I only managed an hour today. I am definitely past half way now with all of the outboard side sanded except as mentioned yesterday for a lot of un-sanded low spots that I have to decide to either fill or keep sanding down to flat. If I decided to keep sanding then I have about an hours work to finish, if I decide to fill the lows I probably still have an hours work but a lot less of it would actually be sanding. Here are a couple of photos to show what I mean.

low spots 2low spots 1

In the first pic I am know that I could easily sand it out but if I am going to go to the trouble of filling the size valleys like in the second photo then I may as well fill them all and save a lot of sanding. As you sand through the bog and start to hit the resin of the glass then the sanding gets slower because the resin is harder to sand and also because more care needs to be taken not to damage the glass by sanding through it too far. On the first hull I kept sanding until all of the low spots were gone. This means that the hull has as little bog in it as needed to get it fair.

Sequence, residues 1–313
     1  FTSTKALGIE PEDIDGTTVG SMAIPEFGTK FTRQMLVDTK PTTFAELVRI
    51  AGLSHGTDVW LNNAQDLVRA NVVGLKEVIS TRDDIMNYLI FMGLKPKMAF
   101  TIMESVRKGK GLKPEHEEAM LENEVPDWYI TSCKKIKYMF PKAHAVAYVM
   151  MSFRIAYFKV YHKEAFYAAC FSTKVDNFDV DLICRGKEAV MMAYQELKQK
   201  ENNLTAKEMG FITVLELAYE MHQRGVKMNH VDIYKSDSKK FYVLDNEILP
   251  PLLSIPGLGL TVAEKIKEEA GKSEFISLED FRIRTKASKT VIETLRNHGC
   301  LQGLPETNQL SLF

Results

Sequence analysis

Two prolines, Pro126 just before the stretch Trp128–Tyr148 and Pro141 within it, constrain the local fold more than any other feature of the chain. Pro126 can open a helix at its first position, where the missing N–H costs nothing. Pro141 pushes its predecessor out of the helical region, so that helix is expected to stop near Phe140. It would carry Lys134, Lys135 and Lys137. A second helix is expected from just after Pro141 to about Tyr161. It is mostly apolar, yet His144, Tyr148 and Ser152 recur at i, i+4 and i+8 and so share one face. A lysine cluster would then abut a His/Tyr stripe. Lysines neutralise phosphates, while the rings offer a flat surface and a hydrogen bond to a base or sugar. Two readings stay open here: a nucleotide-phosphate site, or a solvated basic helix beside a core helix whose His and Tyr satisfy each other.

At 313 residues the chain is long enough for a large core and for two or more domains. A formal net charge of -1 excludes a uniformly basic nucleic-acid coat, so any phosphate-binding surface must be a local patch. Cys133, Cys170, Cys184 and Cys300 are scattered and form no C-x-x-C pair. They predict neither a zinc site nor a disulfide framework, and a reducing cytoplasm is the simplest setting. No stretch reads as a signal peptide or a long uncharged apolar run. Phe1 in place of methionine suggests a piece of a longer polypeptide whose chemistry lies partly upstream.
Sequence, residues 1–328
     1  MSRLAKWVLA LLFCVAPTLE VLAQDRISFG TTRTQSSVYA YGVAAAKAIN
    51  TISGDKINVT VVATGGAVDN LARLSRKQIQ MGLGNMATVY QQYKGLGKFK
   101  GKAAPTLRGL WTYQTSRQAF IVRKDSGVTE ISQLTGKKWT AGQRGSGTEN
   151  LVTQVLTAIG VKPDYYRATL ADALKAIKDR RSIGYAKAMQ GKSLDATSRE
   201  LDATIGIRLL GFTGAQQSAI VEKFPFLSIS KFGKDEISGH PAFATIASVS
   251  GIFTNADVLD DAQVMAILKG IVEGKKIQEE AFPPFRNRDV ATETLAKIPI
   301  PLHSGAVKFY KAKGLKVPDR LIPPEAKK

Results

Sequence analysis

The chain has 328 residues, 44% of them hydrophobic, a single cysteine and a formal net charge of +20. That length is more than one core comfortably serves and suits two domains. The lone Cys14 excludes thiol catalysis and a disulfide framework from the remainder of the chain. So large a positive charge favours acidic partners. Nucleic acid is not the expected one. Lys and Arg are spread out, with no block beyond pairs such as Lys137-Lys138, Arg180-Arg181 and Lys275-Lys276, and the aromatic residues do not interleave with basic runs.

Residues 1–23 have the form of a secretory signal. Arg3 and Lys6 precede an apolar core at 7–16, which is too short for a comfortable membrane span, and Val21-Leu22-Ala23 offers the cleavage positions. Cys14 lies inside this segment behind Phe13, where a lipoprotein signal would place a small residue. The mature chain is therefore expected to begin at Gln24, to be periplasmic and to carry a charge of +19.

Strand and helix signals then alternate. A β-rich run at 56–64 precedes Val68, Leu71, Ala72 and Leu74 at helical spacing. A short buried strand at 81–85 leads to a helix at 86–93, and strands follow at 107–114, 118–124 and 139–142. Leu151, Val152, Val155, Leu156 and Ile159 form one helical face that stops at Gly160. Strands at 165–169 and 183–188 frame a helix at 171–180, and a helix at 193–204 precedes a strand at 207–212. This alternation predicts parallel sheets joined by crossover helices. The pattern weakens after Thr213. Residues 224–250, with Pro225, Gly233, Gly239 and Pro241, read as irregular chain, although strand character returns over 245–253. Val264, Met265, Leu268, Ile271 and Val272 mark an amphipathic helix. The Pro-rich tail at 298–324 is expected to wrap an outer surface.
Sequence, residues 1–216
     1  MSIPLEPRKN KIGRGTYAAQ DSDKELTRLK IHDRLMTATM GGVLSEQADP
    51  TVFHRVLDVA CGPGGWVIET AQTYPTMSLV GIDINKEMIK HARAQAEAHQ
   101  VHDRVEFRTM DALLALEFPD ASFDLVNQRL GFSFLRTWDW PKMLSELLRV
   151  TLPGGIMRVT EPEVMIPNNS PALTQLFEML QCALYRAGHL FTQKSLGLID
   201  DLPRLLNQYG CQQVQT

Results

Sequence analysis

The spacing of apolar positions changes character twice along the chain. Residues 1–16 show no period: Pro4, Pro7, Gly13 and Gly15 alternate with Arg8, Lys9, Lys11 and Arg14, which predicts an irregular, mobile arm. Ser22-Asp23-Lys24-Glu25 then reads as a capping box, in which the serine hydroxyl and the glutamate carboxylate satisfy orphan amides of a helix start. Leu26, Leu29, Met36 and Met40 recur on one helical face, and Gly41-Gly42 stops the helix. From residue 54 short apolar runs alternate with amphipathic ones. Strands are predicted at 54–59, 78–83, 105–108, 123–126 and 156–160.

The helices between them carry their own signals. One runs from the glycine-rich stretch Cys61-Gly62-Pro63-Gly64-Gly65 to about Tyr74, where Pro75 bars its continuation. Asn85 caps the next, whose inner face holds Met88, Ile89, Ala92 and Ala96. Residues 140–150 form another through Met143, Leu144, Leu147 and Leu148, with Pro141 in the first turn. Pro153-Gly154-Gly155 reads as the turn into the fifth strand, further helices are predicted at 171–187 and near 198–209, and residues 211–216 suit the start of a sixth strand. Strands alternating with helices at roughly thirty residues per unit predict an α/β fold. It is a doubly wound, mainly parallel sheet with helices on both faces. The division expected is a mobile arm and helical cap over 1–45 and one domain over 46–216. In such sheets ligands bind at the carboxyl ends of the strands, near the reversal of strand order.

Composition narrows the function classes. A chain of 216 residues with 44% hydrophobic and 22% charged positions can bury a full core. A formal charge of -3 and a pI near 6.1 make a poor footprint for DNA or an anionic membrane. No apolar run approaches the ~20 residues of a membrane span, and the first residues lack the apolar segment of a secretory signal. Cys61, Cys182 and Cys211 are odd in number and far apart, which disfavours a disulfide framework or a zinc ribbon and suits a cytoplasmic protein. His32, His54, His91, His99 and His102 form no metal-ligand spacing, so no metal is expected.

On this hull I am thinking that the amount of bog left on the hull that could have been sanded off is negligible in terms of weight and also in terms of actual fairness. The low points on the deepest valleys are less than half a mm below the height of the highs around them so that means I would be sanding half a mm more bog away in that area to make it smooth, and if a section is half a mm lower in a gradual sanded incline than say the area a meter away all around it, the eye simply cant detect such a small change in height and it just looks and feels smooth and flat. And remember this is the worst of them many are even less than half a mm.

My fear in this method, is that having not been sanded (because the flat sander can’t yet reach it), the bottom of the low points may not be able to bond to the bog (because they are un-keyed for a mechanical bond) and because they are so shallow that the bog will just pull straight out the moment I try to sand it again. I am going to talk to the panel beater a few doors away to see what he thinks, as he would often work in similar situation with the same materials albeit on cars. Either way I have about an hours work to do on the outboard side until I am happy with the finish. I have sanded about a third of the inboard side. I will not be as fussy with this side of the hull as it is under the bridgedeck. So perhaps I can have the sanding of the bog done by Saturday afternoon and then maybe get 2 coats of resin and the first coat of highbuild on by Sunday night. I am stoked at the progress on this hull so far.

You May Also Like

Paul